How Can We Toughen Our Children Without Frightening Them?

The Atlantic in Paris: Dispatch #2
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I went out this morning for a quick run along La Seine. That was fun. There were very few people out, which made it easier. Paris is a city for strollers, not runners. In this small section of the city, everyone seems to be offering a variation on the phrase "And I wasn't even trying."

Women pedal their bikes up the streets, without helmets, in long white dresses; or they whizz past in pink daisy dukes and matching roller skates. Men wear orange pants and white linen shirts. They parler un petit peu then disappear around corners. When I next see them they are pushing porsches up St. Germain, top down, loving their lives. Couples sit next to each other in the cafes, watching the street. There are rows of them assembled as though in a spread from Vogue, or as a stylish display of manequins. Everyone smokes. They know what awaits them--grizzly death, orgies, in no particular order. 

I came home. I showered. I dressed. I walked across the way and bought some bread and milk. My wife brewed coffee. We had breakfast. Then a powerful fatigue came over me and I slept till noon. When I woke, my son was dressed. My wife was wearing a Great Gatsby tee-shirt, shades, earrings and jeans. Her hair was pulled back and blown out into big beautiful Afro. We walked out and headed for the RER. My son was bearing luggage. This is the last we'd see of him for six weeks. 

It was on the train that I realized I'd gone mad. I started studying French through the old FSI tapes and workbook. I then moved on to classes at Alliance Française. Next I hired a personal tutor. We would meet at a café in my neighborhood. Sometimes my son would stop by. I noticed he liked to linger around. One day he asked if he could be tutored in French. It struck me as weird, but I went with it. In June he did a two-week class--four hours a day. He stayed with my father. He woke up at 6 a.m. to get to class on time, and didn't get back until twelve hours later. He would eat dinner and then sleep like a construction worker. But he liked it. Now I was sending him off to an immersion sleep-away camp--Française tout les jours.

It is insane. I am trying to affect the aggression of my childhood home, the sense of constant unremitting challenge, sans the violence. A lot of us who come up hard revere the lessons we learned, even if they were rendered by the belt or boot. How do we pass those lessons on without subjecting our children to those forces? How do we toughen them for a world that will bring war to them, without subjecting them to abuse? My only answer is to put them in strange and different places, where no one cares that someone somewhere once told them they were smart. My only answer is try to mimic the style of learning I have experienced as an adult and adapt it for childhood.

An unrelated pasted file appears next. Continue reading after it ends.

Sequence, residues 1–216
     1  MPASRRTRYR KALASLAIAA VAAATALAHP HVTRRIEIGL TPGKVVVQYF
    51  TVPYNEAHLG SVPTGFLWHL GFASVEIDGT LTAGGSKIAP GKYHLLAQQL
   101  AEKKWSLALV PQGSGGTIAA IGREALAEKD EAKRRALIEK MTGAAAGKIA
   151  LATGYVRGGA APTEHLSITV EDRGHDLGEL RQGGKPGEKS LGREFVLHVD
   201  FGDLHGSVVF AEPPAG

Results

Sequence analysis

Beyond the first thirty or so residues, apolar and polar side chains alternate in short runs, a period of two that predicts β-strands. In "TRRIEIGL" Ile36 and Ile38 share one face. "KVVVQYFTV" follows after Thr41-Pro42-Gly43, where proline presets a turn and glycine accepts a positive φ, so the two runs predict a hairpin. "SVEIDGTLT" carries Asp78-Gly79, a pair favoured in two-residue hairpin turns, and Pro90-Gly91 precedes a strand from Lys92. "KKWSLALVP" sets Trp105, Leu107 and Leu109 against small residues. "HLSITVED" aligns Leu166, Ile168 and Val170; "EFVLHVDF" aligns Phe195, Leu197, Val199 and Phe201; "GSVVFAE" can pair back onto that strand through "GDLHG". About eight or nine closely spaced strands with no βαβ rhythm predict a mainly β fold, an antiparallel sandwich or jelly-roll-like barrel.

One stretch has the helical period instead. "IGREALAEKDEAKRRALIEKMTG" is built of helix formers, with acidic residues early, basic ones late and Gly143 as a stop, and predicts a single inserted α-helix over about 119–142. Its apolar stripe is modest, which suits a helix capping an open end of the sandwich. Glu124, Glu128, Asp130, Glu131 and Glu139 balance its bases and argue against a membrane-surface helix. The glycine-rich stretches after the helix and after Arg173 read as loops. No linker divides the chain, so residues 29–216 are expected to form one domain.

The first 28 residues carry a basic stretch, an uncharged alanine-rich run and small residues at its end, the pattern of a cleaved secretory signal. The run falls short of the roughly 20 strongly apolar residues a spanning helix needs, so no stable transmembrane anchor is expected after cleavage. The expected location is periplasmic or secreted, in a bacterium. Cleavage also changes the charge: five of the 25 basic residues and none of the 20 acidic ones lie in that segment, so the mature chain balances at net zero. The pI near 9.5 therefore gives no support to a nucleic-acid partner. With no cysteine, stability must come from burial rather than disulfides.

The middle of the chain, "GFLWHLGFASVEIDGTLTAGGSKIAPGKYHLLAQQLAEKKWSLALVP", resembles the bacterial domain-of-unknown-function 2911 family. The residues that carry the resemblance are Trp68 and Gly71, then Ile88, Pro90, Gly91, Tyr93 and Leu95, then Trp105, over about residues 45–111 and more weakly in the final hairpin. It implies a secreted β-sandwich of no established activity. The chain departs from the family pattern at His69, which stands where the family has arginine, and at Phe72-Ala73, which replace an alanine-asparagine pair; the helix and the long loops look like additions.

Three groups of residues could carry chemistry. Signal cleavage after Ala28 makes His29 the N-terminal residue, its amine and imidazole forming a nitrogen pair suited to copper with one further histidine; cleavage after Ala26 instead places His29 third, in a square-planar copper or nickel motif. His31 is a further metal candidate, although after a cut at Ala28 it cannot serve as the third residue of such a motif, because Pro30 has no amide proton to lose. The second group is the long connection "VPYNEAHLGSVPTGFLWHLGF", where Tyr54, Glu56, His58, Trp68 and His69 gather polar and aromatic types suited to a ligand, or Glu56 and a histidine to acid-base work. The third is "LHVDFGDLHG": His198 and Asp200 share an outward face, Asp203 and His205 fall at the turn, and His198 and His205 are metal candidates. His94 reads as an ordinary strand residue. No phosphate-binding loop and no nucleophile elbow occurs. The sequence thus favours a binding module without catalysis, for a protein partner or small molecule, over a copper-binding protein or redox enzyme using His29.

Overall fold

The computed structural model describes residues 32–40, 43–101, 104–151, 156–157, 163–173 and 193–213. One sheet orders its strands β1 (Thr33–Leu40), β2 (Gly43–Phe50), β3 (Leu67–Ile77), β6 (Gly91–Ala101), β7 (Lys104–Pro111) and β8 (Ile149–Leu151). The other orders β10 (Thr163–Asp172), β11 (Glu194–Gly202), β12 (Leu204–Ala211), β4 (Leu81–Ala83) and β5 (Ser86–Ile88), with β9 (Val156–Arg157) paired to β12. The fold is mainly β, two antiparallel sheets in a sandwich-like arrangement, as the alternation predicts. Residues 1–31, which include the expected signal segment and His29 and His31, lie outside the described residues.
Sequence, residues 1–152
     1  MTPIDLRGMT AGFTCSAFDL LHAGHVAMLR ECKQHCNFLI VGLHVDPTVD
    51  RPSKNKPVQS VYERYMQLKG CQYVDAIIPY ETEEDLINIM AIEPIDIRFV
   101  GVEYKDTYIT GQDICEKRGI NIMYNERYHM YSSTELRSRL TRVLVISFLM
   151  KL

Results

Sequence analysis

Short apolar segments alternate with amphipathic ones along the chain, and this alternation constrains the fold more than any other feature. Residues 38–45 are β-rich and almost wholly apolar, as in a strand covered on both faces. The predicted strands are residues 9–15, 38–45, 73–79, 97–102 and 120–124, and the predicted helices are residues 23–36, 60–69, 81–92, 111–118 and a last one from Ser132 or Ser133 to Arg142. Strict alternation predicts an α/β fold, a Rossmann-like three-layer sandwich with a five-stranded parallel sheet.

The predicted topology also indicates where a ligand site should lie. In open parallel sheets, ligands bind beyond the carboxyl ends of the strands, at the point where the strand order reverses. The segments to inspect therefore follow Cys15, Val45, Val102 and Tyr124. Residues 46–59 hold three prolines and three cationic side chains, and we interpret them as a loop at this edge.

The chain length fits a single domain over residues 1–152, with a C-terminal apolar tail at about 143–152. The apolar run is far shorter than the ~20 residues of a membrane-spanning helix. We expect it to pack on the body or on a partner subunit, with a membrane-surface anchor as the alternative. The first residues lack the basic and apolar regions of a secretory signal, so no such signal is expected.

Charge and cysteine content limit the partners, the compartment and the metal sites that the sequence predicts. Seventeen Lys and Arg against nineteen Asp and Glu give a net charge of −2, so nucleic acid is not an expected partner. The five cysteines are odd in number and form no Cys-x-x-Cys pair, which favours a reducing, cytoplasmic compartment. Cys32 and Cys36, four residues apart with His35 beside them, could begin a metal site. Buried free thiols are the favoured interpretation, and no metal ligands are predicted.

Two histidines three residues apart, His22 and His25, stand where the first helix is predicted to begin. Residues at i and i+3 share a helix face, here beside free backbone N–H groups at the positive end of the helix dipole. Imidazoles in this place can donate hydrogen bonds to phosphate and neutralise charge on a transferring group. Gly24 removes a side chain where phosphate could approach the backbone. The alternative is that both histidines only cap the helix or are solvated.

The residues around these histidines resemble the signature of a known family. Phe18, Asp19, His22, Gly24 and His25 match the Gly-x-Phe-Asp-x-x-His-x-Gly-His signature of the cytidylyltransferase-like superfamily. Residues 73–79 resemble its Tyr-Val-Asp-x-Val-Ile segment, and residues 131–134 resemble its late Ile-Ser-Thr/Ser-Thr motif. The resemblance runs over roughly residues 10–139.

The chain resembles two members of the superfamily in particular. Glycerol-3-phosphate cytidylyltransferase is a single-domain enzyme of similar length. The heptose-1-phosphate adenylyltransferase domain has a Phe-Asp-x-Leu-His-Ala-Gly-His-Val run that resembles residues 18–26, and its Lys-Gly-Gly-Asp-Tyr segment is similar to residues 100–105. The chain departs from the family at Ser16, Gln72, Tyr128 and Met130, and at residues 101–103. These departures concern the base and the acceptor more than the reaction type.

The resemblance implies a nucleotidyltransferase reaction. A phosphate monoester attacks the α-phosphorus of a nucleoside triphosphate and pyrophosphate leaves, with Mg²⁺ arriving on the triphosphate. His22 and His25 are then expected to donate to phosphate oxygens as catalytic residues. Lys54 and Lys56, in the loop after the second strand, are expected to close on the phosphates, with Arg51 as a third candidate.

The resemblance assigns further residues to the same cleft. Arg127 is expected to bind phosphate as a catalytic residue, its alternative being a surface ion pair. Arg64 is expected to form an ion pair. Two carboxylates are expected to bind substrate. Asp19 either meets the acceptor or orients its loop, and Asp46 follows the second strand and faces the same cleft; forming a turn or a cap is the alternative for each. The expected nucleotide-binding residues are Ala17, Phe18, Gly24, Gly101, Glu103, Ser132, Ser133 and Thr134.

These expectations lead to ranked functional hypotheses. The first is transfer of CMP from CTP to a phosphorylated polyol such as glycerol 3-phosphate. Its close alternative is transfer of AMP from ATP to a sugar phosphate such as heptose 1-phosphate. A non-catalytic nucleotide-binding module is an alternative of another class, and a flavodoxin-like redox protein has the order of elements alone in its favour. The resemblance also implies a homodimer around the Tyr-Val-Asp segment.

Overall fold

But I am afraid for my beautiful brown boy. 

A few weeks ago I was sitting with my dad telling him how I had to crack down on my own son for some indiscretion. I told my dad that the one thing I wasn't prepared for about fatherhod was how much it hurt me to be the bad guy, how much i wanted to let him loose, how much I felt his pain whenever I challenged him. I felt it because I remembered my own days, and how much I hated being 12. I was shocked to see my dad nodding in agreement. My dad was an aggressive father. I didn't think he was joyous in his toughness, but it never occurred to me that he had to get himself up to challenge us. He never let us see that part of him. His rule was "Love your mother. Fear your father." And so he wore a mask. As it happens, I feared them both.

I told my son this story the day before we dropped him off. I told him that I would never force him to take up something he wasn't interested in (like piano). But once he declared his interests, there was no other way to be, except to push him to do it to death. How very un-Parisian. But I told him that pain in this life was inevitable, and that he could only choose whether it would be the pain of acting or the pain of being acted upon. C'est tout.

We signed in. He took a test. We saw his room and met his room-mate. We told him we loved him. And then we left.

"When I e-mail you," he said. "Be sure to e-mail back so that I know you're OK."

So that he knows that we are OK.

When we left my wife began to cry. On the train we talked about the madness of this all, that we--trifling and crazy--should be here right now. First you leave your block. Then you leave your neighborhood. Then you leave your high school. The your city, your college and, finally, your country. At every step you are leaving another world, and at every step you feel a warm gravity, a large love, pulling you back home. And you feel crazy for leaving. And you feel that it is preposterous to do this to yourself. And you wonder who would do this to a child.

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Ta-Nehisi Coates is a national correspondent at The Atlantic, where he writes about culture, politics, and social issues. He is the author of the memoir The Beautiful Struggle.

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